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Siung Beach

Siung Beach is a coast surrounded by cliffs and has at least 250 international scale wall climbing trails on the coast of Gunungkidul Regency, Yogyakarta Province, Indonesia. The beach surrounded by high coral walls towers as a hidden paradise for rock climbers.

Siung Beach is located in a remote area approximately 77 kilometers from Yogyakarta. The stretch of white sand in the Indian Ocean line with the karst hills and teak trees is located in the Gunung Sewu Geopark area. The beach is reached through a winding road between the cliffs and palawija fields.

Dlium Siung Beach

Giant corals on the west and east of the coast have an important role to play as breakers of the roar of ocean waves and gaps lined by flowing seawater slowly producing dramatic scenery. Although rich in various types of fish, not many people dare to go to sea and they are only looking for fish on the banks.

Fauna

Sewu Geopark is a native habitat for various turtles and as a location for laying eggs. Long-tailed macaques that are now increasingly scarce are still often found on Siung Beach. When the night or when visitors are quiet, a group of monkeys will descend from the top of the coral cliffs to the beach.

Dlium.com Siung Beach

Rock climbing center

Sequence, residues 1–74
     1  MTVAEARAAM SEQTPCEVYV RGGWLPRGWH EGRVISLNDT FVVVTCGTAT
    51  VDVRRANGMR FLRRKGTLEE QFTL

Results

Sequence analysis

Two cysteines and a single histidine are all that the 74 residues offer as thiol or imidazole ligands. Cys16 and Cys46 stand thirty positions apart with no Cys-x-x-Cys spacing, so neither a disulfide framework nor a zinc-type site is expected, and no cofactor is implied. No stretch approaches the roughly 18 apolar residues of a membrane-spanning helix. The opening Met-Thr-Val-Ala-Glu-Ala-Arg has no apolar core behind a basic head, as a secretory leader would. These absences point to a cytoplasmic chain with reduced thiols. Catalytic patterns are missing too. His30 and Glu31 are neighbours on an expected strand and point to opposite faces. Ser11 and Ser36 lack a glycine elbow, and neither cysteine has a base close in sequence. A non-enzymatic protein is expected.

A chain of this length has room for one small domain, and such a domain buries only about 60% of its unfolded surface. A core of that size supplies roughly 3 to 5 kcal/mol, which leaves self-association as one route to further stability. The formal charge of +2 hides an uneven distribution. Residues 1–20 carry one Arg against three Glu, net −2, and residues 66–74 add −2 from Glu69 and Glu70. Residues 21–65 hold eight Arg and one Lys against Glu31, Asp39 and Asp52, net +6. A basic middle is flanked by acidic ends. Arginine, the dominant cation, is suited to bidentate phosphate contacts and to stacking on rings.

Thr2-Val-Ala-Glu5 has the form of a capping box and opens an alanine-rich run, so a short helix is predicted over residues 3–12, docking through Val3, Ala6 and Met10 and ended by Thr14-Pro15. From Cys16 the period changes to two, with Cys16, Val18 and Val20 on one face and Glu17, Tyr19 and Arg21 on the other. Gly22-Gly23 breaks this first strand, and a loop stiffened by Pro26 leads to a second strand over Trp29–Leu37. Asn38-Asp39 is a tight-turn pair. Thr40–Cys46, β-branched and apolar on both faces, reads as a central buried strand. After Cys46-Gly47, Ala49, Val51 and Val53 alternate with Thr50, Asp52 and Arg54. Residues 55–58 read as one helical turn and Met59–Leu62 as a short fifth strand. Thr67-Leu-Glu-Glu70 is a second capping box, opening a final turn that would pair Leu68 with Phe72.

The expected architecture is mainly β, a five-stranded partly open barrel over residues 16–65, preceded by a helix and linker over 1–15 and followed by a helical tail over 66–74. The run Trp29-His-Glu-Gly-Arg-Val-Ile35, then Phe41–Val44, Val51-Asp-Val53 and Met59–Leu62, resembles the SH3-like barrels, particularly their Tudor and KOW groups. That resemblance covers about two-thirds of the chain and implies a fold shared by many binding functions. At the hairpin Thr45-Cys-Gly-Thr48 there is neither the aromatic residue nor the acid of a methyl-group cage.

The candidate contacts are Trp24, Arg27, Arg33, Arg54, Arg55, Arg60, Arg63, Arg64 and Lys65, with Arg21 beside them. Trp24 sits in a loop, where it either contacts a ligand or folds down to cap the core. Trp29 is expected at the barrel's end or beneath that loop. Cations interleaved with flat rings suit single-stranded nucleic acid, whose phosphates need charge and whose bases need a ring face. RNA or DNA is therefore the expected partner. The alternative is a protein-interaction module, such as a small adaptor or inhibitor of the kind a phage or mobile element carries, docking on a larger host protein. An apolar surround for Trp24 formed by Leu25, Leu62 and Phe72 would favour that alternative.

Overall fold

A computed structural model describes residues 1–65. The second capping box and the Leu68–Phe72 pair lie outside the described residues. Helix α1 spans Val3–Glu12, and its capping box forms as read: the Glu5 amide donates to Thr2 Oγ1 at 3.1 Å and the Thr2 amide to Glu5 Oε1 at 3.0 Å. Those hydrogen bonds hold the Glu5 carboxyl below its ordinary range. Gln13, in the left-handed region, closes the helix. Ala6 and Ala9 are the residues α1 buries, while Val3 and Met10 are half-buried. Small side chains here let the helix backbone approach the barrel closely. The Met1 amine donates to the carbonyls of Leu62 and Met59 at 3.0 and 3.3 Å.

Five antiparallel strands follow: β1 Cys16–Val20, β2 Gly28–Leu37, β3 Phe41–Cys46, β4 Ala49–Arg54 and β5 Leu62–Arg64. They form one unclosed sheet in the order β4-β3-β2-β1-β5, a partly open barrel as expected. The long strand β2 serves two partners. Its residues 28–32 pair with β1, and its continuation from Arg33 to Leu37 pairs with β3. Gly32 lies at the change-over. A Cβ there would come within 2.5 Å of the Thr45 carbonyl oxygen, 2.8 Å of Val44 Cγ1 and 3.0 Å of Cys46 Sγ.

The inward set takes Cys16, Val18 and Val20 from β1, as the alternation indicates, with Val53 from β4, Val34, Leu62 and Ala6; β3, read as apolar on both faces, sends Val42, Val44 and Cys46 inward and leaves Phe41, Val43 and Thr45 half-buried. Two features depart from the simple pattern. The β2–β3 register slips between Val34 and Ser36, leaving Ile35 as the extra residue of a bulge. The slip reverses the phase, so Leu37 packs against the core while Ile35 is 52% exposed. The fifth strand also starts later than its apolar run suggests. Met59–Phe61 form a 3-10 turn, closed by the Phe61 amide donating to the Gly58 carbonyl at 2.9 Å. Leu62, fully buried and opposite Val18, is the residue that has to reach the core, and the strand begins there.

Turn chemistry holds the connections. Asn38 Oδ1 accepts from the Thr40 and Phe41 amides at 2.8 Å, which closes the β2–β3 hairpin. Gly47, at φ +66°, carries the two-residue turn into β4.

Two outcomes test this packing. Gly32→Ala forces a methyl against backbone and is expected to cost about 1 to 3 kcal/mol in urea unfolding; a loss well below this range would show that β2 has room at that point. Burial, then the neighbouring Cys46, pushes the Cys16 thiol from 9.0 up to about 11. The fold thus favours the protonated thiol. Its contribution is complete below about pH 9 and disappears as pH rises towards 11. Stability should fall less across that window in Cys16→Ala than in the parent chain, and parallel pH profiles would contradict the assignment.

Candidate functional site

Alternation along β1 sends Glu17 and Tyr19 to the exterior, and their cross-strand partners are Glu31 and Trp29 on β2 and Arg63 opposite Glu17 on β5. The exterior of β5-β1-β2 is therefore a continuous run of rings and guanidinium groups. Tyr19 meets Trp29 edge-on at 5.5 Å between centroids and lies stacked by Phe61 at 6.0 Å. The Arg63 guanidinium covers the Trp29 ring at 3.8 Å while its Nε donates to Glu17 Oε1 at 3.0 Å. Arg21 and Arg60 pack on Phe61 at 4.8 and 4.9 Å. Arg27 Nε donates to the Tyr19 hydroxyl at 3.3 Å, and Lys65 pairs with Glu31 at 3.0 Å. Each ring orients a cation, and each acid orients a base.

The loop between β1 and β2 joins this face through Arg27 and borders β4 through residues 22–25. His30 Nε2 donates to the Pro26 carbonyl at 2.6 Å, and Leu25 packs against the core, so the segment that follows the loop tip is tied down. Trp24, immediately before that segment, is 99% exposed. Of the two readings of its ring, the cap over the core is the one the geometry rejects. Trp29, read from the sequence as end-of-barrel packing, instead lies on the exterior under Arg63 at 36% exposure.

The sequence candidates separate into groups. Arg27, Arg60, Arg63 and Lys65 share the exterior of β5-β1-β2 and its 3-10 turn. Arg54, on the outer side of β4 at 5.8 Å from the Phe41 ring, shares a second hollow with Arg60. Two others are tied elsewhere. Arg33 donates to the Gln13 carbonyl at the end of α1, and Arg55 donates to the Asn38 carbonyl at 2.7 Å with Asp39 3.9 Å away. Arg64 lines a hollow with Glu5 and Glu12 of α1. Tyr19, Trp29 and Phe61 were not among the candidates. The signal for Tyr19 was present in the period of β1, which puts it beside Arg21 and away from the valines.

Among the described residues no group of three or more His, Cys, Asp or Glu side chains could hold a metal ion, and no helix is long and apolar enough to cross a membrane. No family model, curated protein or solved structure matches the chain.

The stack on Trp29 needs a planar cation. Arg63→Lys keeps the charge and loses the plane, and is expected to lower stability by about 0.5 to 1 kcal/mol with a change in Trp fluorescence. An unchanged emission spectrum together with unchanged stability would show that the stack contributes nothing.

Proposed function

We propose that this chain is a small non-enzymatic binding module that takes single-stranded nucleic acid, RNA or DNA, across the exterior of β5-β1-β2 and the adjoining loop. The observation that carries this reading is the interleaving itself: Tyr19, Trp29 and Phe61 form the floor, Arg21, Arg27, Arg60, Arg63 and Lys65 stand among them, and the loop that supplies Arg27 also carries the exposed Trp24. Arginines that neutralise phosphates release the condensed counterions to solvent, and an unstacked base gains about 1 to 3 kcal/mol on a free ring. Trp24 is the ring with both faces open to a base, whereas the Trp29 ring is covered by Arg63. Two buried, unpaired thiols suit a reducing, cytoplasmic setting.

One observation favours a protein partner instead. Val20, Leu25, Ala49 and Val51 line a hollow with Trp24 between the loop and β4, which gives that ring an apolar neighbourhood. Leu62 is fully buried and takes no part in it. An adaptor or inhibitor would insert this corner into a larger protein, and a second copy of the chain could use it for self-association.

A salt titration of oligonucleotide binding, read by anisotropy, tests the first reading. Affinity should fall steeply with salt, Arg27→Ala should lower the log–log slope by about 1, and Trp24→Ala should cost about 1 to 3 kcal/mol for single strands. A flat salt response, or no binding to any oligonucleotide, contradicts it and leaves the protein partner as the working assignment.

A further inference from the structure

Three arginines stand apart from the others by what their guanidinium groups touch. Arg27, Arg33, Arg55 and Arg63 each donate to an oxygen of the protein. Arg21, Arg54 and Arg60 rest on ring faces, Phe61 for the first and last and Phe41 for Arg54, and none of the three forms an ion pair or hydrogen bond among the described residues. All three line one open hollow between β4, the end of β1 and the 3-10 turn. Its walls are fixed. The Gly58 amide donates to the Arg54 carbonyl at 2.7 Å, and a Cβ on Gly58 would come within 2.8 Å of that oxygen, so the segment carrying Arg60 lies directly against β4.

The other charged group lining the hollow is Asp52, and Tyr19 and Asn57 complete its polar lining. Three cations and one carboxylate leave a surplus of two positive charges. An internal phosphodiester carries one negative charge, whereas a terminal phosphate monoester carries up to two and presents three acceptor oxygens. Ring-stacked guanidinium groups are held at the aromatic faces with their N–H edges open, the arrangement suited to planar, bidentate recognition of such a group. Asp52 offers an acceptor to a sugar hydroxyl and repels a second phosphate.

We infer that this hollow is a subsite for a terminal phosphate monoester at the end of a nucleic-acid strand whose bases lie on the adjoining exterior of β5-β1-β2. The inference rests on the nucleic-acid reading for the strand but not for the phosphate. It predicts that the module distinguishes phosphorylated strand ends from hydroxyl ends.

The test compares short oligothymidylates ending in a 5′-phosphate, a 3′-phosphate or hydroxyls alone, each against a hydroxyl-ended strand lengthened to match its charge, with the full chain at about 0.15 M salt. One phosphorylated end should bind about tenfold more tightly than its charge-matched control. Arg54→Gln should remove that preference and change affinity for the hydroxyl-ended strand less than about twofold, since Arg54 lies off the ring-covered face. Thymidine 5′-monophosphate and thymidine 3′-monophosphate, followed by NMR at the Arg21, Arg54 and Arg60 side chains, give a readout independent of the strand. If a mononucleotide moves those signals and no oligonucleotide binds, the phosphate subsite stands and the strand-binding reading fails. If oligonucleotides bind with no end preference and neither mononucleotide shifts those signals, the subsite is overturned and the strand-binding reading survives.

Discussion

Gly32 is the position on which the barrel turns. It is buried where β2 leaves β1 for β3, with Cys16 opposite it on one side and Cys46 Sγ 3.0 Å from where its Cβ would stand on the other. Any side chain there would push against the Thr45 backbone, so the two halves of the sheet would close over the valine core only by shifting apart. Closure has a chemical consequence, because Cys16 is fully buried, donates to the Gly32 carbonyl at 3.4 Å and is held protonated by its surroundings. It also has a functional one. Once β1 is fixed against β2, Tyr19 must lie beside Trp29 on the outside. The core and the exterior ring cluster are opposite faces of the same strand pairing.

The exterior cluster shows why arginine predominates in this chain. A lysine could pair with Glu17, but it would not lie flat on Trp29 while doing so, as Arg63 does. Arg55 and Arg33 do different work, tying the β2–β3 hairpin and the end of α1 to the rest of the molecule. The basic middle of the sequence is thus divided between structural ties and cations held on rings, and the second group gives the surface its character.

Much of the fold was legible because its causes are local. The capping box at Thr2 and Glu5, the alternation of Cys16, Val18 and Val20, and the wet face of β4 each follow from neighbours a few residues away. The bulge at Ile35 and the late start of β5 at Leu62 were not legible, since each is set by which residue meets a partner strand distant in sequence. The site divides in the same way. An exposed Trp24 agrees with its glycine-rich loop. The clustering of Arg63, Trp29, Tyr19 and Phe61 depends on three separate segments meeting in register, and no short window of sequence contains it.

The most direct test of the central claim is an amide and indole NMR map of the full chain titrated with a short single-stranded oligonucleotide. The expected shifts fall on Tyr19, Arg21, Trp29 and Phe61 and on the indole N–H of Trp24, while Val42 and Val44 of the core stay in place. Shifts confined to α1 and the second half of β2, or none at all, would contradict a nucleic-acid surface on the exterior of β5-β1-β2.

In 1989, the Japanese rock climbing team carried out an expedition on the cliffs on the west coast as a rock climbing arena and in the 90s an Asian Climbing Gathering was held which was attended by 250 athletes from 65 European and Asian countries to compete using the Siung Beach cliff as race site.

In 2005, the government established Siung Beach as a rock climbing center in Yogyakarta. Now at least 250 climbing routes have been mapped at Siung Beach to facilitate rock climbing sports fans.



Each path has a different level of difficulty and the lanes may still increase because a rule to be able to continue an existing route must obtain permission from the previous lane maker.

A wooden stage house was provided for the base camp and enough for 15 people, but a ground camp on the east coast was also available to set up tents and campfires to spend the night with rules not to damage the nature and disturb turtle habitat.

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